If you try this recipe, let me know in the comments below, and don’t forget to share and subscribe! Enjoy!

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Deep South Corn Pudding

This recipe is adapted from “Potluck Southern Style” by Linda G. Hatcher, published in 1997. I have heard of corn pudding as it is common in the southern US, but I admit that I have never had it until now. This is an easy recipe and very inexpensive to make. Corn Pudding makes a great side dish to any southern style meal.

Ingredients for 6 servings

  • 3 eggs
  • 3 tablespoons all-purpose flour
  • 1 15 ounce can creamed corn
  • 1/4 cup chopped bell pepper (optional)
  • 3 tablespoons sugar
  • 3 tablespoons melted butter
  • Dash of black pepper
  • 1 cup milk
  • 1 small jar pimento, (optional)
  1. Beat eggs well with a wire whisk.
  2. Add flour and corn; beat well.
  3. Stir in bell pepper, butter, black pepper, milk, and drained pimento.
  4. Pour into a buttered 2-1/2 quart casserole dish.
  5. Bake at 350 degrees for 1 hour.


The consistency is similar to a thick custard, and there is a pleasant sweetness from the corn and added sugar. This was very easy to make and you should not have any difficulties with this one. This recipe would make a great side dish for a Sunday dinner or Thanksgiving table. Please let me know if you try this recipe, and don’t forget to share and subscribe! Enjoy!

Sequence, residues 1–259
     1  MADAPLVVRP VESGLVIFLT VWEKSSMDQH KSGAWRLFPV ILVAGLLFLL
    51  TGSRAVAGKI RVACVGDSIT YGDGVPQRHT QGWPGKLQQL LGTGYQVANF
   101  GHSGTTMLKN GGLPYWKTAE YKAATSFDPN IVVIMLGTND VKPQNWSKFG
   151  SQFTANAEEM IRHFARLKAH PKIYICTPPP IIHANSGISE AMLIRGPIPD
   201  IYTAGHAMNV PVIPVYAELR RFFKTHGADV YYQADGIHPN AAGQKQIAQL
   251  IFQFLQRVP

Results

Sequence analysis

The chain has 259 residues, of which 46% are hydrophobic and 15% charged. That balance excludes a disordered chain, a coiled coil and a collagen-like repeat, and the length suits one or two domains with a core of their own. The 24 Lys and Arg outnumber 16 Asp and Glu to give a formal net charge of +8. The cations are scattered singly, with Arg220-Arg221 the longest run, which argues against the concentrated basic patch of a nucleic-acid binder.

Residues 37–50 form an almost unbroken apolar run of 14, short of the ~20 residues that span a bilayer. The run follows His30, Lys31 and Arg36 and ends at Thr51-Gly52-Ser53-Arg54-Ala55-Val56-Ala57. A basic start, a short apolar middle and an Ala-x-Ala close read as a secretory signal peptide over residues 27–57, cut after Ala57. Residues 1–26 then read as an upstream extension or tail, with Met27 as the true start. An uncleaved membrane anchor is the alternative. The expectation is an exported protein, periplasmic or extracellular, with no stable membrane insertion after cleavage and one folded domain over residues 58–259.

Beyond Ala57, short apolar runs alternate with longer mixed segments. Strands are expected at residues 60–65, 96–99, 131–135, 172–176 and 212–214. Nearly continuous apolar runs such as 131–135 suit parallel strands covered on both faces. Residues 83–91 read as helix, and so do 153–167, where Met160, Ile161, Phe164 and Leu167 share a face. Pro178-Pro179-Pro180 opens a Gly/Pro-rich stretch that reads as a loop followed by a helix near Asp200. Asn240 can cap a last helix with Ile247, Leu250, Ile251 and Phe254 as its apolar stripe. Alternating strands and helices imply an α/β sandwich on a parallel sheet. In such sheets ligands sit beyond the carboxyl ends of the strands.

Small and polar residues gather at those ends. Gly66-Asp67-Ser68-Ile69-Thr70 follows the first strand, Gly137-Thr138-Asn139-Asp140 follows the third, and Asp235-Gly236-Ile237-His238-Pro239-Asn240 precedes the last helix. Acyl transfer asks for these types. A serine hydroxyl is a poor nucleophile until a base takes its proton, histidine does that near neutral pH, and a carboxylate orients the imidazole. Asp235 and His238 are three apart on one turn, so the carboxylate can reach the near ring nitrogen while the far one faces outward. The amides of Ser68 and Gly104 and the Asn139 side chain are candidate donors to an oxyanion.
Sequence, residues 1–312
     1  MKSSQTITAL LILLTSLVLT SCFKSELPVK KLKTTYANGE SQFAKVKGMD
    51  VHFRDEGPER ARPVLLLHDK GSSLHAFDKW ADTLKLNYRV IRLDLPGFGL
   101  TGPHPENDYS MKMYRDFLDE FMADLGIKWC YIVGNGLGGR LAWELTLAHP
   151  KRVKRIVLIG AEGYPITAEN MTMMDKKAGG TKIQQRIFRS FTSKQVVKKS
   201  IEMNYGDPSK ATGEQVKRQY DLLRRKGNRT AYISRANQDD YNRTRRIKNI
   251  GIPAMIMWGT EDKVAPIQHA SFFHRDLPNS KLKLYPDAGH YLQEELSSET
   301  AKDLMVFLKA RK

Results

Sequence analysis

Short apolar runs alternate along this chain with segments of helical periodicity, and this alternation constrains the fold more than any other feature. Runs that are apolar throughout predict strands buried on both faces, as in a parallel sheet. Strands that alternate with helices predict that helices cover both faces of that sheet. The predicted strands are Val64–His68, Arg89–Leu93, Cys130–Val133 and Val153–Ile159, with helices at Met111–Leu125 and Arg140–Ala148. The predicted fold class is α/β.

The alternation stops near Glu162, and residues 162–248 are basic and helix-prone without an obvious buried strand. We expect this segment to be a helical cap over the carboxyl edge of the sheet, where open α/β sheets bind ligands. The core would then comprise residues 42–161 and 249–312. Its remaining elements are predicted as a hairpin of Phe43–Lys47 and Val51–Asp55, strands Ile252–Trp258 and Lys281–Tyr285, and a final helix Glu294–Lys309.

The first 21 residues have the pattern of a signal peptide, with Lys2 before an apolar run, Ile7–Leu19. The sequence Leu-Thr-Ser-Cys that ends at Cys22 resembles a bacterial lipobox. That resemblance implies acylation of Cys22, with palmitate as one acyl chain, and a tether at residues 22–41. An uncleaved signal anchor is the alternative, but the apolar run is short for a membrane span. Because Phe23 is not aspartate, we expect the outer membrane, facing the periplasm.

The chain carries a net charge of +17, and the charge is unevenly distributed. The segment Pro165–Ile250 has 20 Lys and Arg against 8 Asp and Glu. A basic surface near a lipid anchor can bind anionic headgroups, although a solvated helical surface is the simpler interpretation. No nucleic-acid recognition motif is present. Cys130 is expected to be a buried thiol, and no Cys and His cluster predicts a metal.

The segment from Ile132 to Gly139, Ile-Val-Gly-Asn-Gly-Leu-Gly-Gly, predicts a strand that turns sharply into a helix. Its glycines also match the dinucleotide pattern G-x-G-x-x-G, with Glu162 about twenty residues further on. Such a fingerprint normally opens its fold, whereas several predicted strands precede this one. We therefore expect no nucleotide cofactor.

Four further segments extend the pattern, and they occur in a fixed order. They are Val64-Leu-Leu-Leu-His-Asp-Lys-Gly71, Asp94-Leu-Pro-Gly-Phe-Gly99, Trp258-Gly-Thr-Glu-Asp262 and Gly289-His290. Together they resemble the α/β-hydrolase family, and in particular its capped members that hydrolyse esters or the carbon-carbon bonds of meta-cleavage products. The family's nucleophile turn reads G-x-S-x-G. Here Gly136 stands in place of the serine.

Brussels Sprouts with Hollandaise

This recipe is adapted from “Country Corn Cooking” published by the Country Corn Festival of Travelers Rest, South Carolina in 1994. Brussels sprouts and hollandaise are a classic combination that can be served in almost any setting, from rustic to fine dining. I like to pair this with steak since the hollandaise also works very well together. 

Ingredients for 8 servings

  • 1 lb. Brussels sprouts
  • 3 Tbsp. butter
  • 2 Tbsp. flour
  • 1 c. hot water
  • 1/2 tsp. salt
  • 1/2 c. white wine
  • Dash cayenne pepper
  • 2 T. lemon juice
  • 2 egg yolks
  1. To make sauce: Melt butter in top of double boiler; add flour and blend well.
  2. Add hot water gradually. Stir continuously until thickened and smooth.
  3. Add salt, cayenne and lemon juice. Hold mixture in a warm sauce pan until ready to serve.
  4. When ready to serve pour mixture over well-beaten egg yolks; stir thoroughly and reheat quickly.
  5. Sauté Brussel’s sprouts in a frying pan with 2 Tbsp. butter and 1/2 cup of wine for about 15 minutes, or until the outsides become dark and crispy
  6. Pour mixture over Brussels sprouts and serve immediately.


The hollandaise sauce in this recipe comes together very easily. There are several different ways of making hollandaise, and this version comes out slightly lighter and not as rich as some of the others I’ve made. There is nothing wrong with this; if you prefer a lighter sauce, this recipe is for you. If you try this recipe, please let me know how it turned out in the comments below, and don’t forget to share and subscribe! Enjoy!